Clean, Shaven (1994), dir. Lodge Kerigan
starring: Peter Green as Peter Winter, Megan Owen as Mrs. Winter, Robert Albert as Detective Jack McNally
Synopsis: Peter Winter, a schizophrenic man cruises around the rural area of upstate New York looking for his daughter. Detective Jack McNally sets his sights on Peter as the prime suspect in the investigation of an unrelated murder of a young girl. Just when Peter finds his daughter, alive and well, Jack McNally has already got him captive. Will this be the last time Peter sees Nicole?
Part character-study, part psychological thriller, this suspenseful film’s main appeal is its portrayal of the subjective perspective of its mentally afflicted protagonist. Peter suffers from schizophrenia, although the word is never mentioned, we are let into his mental space through voices that come in and out , weather reports, radio transmissions, and a score by Hahn Rowe that is as atmospheric as it is horrifying. The rural setting, with its run down small houses and its wide empty spaces is haunting, reminiscent of the wood cabins and forests of horror films.
Peter lives out of his car. He searches for his daughter during the day and at night, he sleeps in the backseat. He covers his vehicle in newspaper, concealing the view inside his car but also reflecting the inherent madness in his psyche. Newspapers are full of stories about mentally ill people committing violent crimes. The same kind of crimes detective Jack McNally just happens to be investigating. The presence of newspapers all over Peter’s car suggest that the source of his madness is ingrained in the social fabric.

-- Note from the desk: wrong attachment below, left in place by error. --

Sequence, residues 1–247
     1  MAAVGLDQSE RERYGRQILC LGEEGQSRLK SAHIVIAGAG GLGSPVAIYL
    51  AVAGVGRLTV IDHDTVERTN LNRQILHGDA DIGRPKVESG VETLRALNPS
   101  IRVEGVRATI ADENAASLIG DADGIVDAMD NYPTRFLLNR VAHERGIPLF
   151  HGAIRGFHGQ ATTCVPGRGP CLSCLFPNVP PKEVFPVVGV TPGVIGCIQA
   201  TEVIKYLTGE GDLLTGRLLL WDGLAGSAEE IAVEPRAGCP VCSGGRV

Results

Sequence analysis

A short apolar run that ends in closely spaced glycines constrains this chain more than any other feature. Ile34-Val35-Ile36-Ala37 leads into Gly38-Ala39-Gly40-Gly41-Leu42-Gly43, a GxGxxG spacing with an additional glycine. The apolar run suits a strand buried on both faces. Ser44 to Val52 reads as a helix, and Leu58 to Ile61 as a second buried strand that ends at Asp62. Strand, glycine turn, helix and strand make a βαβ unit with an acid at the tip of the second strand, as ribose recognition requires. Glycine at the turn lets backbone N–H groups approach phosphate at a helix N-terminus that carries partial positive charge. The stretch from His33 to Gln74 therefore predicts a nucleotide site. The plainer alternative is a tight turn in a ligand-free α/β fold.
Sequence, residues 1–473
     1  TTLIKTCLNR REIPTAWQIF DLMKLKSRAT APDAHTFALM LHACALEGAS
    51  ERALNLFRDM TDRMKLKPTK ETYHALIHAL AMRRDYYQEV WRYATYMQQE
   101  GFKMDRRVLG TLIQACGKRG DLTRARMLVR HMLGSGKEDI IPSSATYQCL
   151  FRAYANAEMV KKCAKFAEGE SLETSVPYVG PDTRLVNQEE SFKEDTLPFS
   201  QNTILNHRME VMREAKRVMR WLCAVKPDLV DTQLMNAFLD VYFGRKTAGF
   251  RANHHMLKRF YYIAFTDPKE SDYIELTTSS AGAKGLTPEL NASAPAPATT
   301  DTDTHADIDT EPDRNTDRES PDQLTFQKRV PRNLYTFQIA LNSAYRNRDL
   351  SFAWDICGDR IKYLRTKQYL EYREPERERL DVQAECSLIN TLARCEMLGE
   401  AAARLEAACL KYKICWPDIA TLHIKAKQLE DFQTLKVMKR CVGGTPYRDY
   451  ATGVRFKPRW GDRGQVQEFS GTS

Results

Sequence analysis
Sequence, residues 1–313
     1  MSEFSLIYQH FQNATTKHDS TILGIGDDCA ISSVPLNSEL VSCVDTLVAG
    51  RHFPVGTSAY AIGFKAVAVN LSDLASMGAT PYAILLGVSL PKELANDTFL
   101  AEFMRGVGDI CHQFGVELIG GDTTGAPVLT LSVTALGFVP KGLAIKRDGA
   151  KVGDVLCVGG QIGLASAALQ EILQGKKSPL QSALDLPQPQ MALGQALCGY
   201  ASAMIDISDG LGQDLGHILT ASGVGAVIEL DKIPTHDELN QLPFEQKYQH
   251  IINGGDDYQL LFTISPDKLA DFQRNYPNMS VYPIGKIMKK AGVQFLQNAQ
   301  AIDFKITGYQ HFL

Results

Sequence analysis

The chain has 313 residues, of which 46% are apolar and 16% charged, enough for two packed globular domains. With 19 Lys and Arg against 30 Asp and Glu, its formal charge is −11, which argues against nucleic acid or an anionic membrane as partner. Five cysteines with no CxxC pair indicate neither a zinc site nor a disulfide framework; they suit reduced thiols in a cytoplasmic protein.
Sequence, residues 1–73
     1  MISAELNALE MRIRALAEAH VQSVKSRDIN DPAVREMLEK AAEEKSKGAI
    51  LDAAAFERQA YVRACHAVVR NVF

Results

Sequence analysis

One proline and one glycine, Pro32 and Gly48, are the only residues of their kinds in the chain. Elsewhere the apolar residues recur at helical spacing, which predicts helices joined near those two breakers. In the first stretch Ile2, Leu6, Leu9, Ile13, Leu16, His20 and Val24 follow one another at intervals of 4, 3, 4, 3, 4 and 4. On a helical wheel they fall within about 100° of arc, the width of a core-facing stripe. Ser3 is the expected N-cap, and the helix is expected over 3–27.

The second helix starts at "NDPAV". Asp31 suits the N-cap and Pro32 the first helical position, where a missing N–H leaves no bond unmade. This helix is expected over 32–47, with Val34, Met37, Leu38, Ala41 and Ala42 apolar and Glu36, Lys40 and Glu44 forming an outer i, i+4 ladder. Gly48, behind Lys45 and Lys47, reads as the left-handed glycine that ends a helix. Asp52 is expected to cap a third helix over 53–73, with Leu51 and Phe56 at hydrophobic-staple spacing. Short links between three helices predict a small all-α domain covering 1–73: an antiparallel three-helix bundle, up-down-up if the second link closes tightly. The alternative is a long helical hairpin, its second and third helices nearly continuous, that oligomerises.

As we witness Peter’s torment heighten in tension, we also see detective Jack McNally gather clues about Peter’s possible involvement in the murder of a young girl. His sociopathic behavior (he sleeps with his witnesses, he refuses to intervene during a robbery) reveals that he just might be crazy himself.
Today more than ever, war is no longer something distant that we only hear about in news reports. It is geographically closer. It has come to our street corners. This film by Lodge Kerrigan is a vivid expose of the failure of the social apparatus to eradicate violence from its social fabric. “Clean, Shaven” is a well-crafted film but with its boldness in subject matter and its cynical realistic outlook on the world, will only appeal to a very few. Although the convincing sense of urgency of its argument makes it a provocative force in the sea of mass media messages that it directly critiques.